In Jesus' day harvesting was also a very busy time. First there was the barley harvest, closely followed by the wheat fields. They needed workers to cut the grain with scythes. Then it was thrashed by having an ox going round and round separating the grain from the husks. The husks would be thrown up in the air and blown away by the wind, leaving the good grain behind. The grain then had to be put in bags, and taken to market. The figs needed those who could climb up high into the trees. Olive trees had to be beaten with sticks so the olives would fall on to netting below, and they had to be collected and put in jars or squeezed out for olive oil.

The grape harvest was something else. Vines first had to be pruned, as Jesus said, so they would bring forth more fruit. The actual harvest needed hundred of workers moving along the rows collecting the fat bunches of grapes in baskets. They would tip these into a huge vat. The young people would jump in the vat, and stomp with their bare feet, and dance and sing joyfully as the grape juice was squeezed out. It was collected in specially prepared wine skins to be stored to ferment in a cool place, and three or four years later after the fermentation was complete the mature wine would be sold. All this needed very large numbers of workers for all the different jobs.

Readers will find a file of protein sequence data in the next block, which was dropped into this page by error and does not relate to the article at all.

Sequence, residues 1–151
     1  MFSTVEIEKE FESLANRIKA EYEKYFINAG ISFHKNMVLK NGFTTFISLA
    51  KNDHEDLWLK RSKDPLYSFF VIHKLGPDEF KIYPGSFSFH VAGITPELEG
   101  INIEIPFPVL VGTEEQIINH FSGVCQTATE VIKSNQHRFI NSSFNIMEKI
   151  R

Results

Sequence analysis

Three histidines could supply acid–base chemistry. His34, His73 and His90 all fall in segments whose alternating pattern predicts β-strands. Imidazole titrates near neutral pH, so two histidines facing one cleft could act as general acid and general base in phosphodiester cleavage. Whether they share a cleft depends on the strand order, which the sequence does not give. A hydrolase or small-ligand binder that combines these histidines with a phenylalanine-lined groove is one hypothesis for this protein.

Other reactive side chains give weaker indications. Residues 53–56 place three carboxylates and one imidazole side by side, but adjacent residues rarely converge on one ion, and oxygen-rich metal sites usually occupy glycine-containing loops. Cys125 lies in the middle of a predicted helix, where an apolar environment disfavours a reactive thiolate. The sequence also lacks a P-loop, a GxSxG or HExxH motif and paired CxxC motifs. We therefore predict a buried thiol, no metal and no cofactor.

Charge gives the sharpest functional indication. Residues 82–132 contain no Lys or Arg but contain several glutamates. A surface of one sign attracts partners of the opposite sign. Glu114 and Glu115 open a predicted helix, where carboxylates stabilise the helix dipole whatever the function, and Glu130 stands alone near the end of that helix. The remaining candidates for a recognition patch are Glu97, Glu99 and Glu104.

In the New Testament there is only one church in each city and the surrounding country (as in Antioch, Ephesus, Philippi, Thessalonica, Athens, Corinth, Rome). And from the Lord's point of view there is only one church here in Kingston. But there are many tasks that need workers in a wide variety of different kinds of harvesting. I will leave you to decide which denominations take care of the barley and the wheat. Which are like olive trees that need beating down with sticks, which are the high fig trees? You might want to guess who are those who like to dance and sing as they stomp out the grapes in the wine vat. Jesus' point is that there are many different tasks to be done, and hundreds of people are needed if the harvest is to be brought in. It must not be left to be picked off by birds and rot like cherries in the trees.

PRAYER - I suggest that as you pray, don't just think of this particular congregation of the Good Shepherd. Pray the Lord of the harvest to send out laborers for every task that needs to be done to bring in the harvest in every denomination in this city and the surrounding area. I don't think the Lord wants you to pray for more people to attend this particular place of worship so we can pay the bills. That will take care of itself as part of the bigger harvest in the city. Our task is to pray for the laborers the Lord needs, not just in Anglican congregations, but all the varied work of harvesting barley and wheat, figs and olives. You may not want to stomp and sing in the wine vat, but that is also part of the Lord's harvest. If you began to pray like that, you would find it very enriching, and you would be wonderfully encouraged as you rejoiced in the Lord building his church in every part of our city. Why not try doing that this summer, and see what the Lord does among us this fall.

model theology home | essays and articles | books | sermons | letters to surfers | comments